Diplomat Elementary principal Linda Caruso was standing outside in the school's courtyard, with a camera pointed at her, trying to feel comfortable. Always quick with a smile and funny remark, she found herself without either until she noticed a group of students on their way to lunch. She flashed a big smile and joked with them, the stress of the moment instantly melting away.
"That's what I'm going to miss," Caruso said. "I'm looking forward to golfing, but I'm really going to miss the kids."
The conclusion of this school year marks the end of Caruso's career as principal and educator. She opened Diplomat 22 years ago and has spent 42 in the Lee County School District. "I was 2," she said laughing.
Linda Carusa is retiring after 22 years as Diplomat Elementary’s principal.
Photo by Michael Pistella
She avoids listing accomplishments as a measuring tool for her career. Diplomat has been an "A" school for 11 straight years now. Talk to Caruso, and she probably won't mention those things. Education is more than that to her.
"I've tried to have a positive impact on the lives of students and staff," Caruso said. "If I've done that, I've fulfilled everything I can. I don't need any other accomplishment. If I've changed one child's life, I've done what I was made to do."
Her impact can be seen in former students like Kenny Jenkins. Now a regional director of a South Florida corporation headquartered in Fort Myers, Jenkins came to Diplomat as a "problem kid."
"I had one incident where I pulled the fire alarm - it was a really big deal," Jenkins remembered. "She took me into her office and told me if I continued doing these things I would end up somewhere I didn't want to be. After all the people talking to me up to that point, nothing had helped. But when she talked to me that day, it finally sunk in. That was real pivotal moment in my life."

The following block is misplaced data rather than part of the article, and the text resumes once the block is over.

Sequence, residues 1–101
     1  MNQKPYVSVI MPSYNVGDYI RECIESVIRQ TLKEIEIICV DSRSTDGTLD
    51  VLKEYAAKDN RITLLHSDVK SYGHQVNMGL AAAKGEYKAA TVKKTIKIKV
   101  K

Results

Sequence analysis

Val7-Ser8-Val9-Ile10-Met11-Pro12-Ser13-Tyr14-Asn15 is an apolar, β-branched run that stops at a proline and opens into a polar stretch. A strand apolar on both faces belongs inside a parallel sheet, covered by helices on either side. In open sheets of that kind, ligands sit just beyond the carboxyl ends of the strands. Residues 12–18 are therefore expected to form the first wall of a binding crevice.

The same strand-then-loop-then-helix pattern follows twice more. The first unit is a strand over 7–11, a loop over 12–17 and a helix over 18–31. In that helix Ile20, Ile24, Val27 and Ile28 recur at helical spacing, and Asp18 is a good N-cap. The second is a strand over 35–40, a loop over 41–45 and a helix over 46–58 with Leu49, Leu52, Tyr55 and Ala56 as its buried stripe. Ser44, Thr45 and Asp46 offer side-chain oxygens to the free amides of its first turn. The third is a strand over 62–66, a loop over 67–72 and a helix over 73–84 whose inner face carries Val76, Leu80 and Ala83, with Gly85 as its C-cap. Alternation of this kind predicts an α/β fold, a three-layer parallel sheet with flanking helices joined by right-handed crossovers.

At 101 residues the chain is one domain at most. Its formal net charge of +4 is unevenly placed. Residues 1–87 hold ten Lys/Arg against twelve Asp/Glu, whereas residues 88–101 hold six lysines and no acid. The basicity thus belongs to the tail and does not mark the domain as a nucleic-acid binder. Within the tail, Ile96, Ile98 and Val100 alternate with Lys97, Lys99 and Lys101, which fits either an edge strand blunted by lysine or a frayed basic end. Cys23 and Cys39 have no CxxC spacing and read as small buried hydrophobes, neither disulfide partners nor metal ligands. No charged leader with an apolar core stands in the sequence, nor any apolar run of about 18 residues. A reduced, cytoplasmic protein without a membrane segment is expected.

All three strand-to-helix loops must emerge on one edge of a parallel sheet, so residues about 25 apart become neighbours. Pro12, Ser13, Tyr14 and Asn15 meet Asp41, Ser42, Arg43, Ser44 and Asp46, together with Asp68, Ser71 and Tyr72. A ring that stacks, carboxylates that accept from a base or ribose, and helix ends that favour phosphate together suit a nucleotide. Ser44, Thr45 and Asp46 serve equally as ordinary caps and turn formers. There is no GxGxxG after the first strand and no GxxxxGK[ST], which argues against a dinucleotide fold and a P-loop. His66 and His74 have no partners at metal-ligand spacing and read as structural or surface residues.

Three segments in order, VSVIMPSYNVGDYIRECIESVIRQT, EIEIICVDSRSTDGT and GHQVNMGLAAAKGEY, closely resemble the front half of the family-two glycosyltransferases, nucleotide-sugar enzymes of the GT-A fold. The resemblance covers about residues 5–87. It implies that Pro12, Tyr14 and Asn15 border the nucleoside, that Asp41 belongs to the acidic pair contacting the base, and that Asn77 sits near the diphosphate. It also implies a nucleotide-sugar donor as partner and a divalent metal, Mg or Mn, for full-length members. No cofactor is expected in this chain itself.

Jenkins has returned to Diplomat to visit Caruso many times through the years, after graduating from high school and college. After hearing that she was retiring, he came back the other day to visit her with his 3-month-old baby.
"I wanted to make sure she knew what she meant to me," he said. "She's caring beyond measure."
Caruso has always seen a little of herself in students like Jenkins.
"I gave my teachers a hard time," Caruso said. "I struggled in school."
But through her own education, teachers and principals helped her and it made her realize, "I can do that, I can be a help to struggling, young kids."
Caruso's been a great help in the start of kindergarten teacher Brooke Przespolewski's own career. Przespolewski was hired by Caruso right out of college. She's the only principal she's worked for in her 10 years of teaching.
"She's taught me everything," Przespolewski said. "She's been so good to me and to the children. I don't even know how to put into words how she's touched everyone's lives. She's an absolutely amazing person."
Caruso has some plans for retirement. The first is a move to Atlanta to be close to family and her 9-month-old granddaughter. And there's also finally being able to spend more time on the golf course. But not being surrounded by children for the first time in more than 40 years is causing her "angst."
All over the walls of Diplomat's office are portraits of past and present students. There's even a few photos of former students who are now parents of children currently going to the school.
"That's what it's about," Caruso said. "I started that (placing photographs of students) when we opened this school. We could make it all decorated and put fluff up, but what it's all about is the kids. It should be nothing but about the kids, and it's not just about saying that. It's act it, do it, live it."